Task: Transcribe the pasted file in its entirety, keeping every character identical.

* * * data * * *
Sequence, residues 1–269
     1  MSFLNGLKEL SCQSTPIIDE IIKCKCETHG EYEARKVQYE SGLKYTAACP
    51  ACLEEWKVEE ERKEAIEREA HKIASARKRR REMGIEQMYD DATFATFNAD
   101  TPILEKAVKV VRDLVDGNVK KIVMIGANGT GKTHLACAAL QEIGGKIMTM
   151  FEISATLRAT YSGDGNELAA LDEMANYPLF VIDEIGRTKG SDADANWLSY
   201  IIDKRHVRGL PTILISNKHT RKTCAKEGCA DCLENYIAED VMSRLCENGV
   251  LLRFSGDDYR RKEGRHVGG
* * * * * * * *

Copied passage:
Sequence, residues 1–269
     1  MSFLNGLKEL SCQSTPIIDE IIKCKCETHG EYEARKVQYE SGLKYTAACP
    51  ACLEEWKVEE ERKEAIEREA HKIASARKRR REMGIEQMYD DATFATFNAD
   101  TPILEKAVKV VRDLVDGNVK KIVMIGANGT GKTHLACAAL QEIGGKIMTM
   151  FEISATLRAT YSGDGNELAA LDEMANYPLF VIDEIGRTKG SDADANWLSY
   201  IIDKRHVRGL PTILISNKHT RKTCAKEGCA DCLENYIAED VMSRLCENGV
   251  LLRFSGDDYR RKEGRHVGG